CJ Group, South Korea's leading food and entertainment conglomerate, said Friday it will step up its global expansion following the release of its ailing chairman on special pardon.
Lee Jay-hyun was indicted in 2013 on charges of embezzlement and tax evasion and was given two and a half years in jail last year, along with a fine of 25.2 billion won ($22.8 million).
His confinement has been suspended a number of times because the 56-year-old suffers from Charcot-Marie-Tooth disease, which involves hereditary motor and sensory neuropathies, chronic renal failure and other related complications.
The business tycoon was set free on Friday on presidential pardon along with 4,870 people, three days ahead of Liberation Day as part of celebrations to mark the 71st anniversary of Korea's independence from Japan's 1910-45 colonial rule.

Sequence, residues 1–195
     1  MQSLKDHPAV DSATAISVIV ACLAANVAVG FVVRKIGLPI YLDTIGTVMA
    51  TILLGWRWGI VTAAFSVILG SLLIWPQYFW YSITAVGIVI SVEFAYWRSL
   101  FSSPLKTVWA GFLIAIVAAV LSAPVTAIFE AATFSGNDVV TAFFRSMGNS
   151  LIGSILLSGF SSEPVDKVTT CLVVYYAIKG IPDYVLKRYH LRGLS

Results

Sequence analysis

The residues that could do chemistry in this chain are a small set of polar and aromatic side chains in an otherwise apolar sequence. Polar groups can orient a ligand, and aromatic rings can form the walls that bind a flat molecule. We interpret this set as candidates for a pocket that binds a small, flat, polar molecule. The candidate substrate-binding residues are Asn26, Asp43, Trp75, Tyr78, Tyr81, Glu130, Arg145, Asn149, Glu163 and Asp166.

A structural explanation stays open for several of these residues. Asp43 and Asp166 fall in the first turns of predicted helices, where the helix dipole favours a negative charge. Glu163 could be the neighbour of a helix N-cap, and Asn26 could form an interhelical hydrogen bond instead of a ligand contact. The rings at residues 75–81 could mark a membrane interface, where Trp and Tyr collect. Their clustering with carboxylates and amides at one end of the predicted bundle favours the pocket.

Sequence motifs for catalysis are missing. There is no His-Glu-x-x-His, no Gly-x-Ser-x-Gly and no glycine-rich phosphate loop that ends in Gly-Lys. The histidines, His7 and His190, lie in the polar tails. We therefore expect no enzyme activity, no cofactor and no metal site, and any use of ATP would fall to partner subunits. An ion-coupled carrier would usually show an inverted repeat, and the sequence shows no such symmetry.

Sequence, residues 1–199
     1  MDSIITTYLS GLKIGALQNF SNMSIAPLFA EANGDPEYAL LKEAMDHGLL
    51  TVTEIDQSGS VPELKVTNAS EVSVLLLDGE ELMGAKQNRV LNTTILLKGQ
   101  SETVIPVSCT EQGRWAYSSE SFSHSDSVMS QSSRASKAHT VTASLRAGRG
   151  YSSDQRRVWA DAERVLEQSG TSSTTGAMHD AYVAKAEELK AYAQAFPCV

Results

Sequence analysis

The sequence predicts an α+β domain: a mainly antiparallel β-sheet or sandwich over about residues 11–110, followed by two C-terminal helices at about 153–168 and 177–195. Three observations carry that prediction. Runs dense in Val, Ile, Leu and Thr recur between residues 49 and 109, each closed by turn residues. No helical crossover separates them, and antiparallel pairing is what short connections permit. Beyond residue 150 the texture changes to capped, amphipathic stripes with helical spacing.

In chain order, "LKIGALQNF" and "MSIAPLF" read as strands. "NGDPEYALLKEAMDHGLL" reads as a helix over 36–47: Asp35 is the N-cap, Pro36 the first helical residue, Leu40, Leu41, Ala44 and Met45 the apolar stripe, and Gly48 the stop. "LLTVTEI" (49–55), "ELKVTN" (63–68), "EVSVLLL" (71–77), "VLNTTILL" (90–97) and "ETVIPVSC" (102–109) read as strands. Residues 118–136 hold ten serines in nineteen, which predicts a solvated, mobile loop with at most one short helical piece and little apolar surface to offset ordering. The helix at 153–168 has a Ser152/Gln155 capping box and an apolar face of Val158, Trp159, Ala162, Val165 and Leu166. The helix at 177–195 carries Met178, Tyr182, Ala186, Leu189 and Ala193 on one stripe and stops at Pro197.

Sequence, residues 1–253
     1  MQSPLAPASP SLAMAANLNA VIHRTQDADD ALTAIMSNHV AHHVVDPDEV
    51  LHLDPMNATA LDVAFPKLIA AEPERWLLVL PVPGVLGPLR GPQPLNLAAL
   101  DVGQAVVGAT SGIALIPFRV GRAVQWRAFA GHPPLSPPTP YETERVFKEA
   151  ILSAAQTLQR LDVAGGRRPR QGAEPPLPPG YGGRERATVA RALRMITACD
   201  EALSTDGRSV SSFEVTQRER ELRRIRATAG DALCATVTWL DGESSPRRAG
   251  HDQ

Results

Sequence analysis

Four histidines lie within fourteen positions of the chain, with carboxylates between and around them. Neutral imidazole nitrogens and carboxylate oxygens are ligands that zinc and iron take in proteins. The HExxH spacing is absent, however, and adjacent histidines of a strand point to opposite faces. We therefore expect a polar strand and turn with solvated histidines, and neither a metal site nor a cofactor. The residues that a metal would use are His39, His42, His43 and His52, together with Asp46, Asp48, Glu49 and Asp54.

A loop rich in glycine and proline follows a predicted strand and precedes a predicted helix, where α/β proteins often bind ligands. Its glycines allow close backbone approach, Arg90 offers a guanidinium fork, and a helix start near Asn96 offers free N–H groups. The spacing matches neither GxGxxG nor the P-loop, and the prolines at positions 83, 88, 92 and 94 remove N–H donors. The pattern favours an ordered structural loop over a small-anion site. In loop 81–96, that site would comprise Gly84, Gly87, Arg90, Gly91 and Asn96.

Following his release, CJ said there will be no major change in the leadership for now, while expressing hope for normalizing management.
"Lee will be hospitalized for a while for treatment, and there will be no drastic change in the management," a senior CJ official said. "(His release) will provide momentum to revitalize investment and employment that have stagnated over the past three years."
CJ has been grappling with slow growth due to years of leadership vacuum. Its sales growth has slowed to single digits over the past three years, with consolidated sales standing at 29.1 trillion won in 2015.
CJ aims to log 100 trillion won in sales by 2020, targeting 70 percent of revenue from the overseas market.
To achieve the goal, the conglomerate has been eyeing merger and acquisition opportunities abroad in such areas as food, bio, entertainment and logistics.
In June, CJ Group said it had joined the race to buy the Korean unit of U.S. fast food chain McDonald's to diversify its food franchise business.
CJ Cheiljedang Corp., the nation's leading food company, is setting its sights on companies that develop food additives, seed plants and other items from microorganisms and plants.
CJ CGV Co., its cinema chain affiliate, is also seeking to expand its presence in China and other Asian countries on the back of the popularity of Korean pop culture and movies. It lost out two bids to enter the Indian market last year. (Yonhap)